Offshore wind farms being constructed in UK waters will produce electricity more cheaply than the next generation of nuclear power stations.
Forty by ’50: The Nuclear Roadmap published by the Nuclear Industry Association (NIA) calculated proposed nuclear plants at Sizewell in Suffolk, Wylfa on Anglesey and Bradwell in Essex were all likely to cost in the region of £60 (€65) per megawatt-hour (MWh).
In comparison offshore projects selected in the Contracts for Difference (CfD) Allocation Round 3, held last year, will be delivered at a strike price as low as £39.65/MWh.
In response to the results of the third CfD round, the Department for Business, Energy & Industrial Strategy (BEIS) said renewables, for the first time, are expected to come online below market prices, without additional subsidy on bills.
Though the £60/MWh estimated by the NIA beats the £92.50/MWh cost of the Hinkley Point C plant being built in Somerset, the report said that kind of low cost could only be achieved for subsequent reactors once supply chains were improved, delivery risk reduced and "first of a kind" costs such as reactor design approvals secured.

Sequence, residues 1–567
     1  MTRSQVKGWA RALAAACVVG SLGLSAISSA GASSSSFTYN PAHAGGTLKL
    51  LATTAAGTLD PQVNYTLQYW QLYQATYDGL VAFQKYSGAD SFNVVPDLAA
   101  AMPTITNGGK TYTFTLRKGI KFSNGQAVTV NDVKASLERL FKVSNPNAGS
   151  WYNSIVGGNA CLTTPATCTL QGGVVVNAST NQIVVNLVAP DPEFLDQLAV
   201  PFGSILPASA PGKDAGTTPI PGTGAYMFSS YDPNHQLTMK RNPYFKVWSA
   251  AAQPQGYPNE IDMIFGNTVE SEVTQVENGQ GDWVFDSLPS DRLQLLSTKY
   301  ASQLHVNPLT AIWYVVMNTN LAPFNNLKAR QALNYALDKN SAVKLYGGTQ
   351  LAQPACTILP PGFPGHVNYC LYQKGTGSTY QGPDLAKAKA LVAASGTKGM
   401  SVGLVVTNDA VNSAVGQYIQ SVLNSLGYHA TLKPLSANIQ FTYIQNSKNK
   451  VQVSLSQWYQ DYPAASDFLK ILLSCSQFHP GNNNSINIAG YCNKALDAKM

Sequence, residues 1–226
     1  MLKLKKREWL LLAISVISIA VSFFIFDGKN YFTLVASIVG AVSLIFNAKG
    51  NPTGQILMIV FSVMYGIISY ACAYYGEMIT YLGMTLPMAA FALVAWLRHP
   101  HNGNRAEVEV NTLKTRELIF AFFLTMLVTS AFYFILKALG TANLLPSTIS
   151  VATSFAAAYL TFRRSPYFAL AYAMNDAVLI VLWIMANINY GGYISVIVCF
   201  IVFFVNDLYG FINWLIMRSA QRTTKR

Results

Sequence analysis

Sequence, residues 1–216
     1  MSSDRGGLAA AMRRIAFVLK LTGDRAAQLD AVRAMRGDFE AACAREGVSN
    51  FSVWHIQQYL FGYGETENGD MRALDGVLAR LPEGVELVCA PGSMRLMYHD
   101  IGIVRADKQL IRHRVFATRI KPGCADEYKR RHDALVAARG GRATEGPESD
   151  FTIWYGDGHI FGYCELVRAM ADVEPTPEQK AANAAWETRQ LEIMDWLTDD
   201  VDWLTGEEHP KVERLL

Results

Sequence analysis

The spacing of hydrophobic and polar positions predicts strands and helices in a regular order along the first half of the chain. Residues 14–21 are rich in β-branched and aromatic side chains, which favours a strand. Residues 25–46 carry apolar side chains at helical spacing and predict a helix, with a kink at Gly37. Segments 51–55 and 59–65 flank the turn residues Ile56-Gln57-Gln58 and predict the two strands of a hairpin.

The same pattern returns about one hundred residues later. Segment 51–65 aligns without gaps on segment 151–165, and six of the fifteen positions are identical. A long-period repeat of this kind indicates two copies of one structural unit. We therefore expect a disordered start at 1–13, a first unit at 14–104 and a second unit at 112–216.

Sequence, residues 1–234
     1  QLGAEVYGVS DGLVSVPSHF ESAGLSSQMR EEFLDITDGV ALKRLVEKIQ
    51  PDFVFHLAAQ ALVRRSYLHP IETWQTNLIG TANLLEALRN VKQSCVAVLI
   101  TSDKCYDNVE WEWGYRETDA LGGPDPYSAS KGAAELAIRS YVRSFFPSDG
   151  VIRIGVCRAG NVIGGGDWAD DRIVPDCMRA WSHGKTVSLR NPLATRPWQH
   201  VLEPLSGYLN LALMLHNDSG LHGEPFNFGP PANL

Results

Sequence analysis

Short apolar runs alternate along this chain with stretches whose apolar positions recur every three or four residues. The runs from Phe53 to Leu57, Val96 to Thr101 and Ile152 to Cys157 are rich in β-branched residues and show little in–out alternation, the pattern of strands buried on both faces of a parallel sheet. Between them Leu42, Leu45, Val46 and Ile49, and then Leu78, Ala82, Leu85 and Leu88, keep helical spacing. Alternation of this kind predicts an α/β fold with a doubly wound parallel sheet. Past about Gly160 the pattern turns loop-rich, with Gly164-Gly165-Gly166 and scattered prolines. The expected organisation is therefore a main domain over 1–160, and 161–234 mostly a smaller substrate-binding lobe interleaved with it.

RenewableUK's Director of Strategic Communications Luke Clark said: "Billpayers want cheap clean power. In last year's CfD auctions, UK offshore wind farms secured contracts to generate electricity for as low as £39.65/MWh - a reduction of 66% since 2015, making it one of the cheapest of all technologies."
"We need a wide range of low-carbon energy sources to reach net zero emissions.
"Government wants us to more than quadruple our offshore wind capacity by 2030, by which time we'll be generating well over one-third of the UK's electricity from offshore wind alone, making this technology the backbone of our modern electricity system".
NIA chief executive Tom Greatrex said: “We’re confident the price of nuclear power will fall from the £92.50/MWh for the first plant, closer to £60/MWh for the next wave of power stations reducing to around £40/MWh for further reactors.”
He added: “We have the potential to treble our nuclear electricity generating capacity and add heat and hydrogen specific plants over and above that. To get to Net Zero we need ambition, commitment and planning. It must be more than a drip drip of unconnected projects.”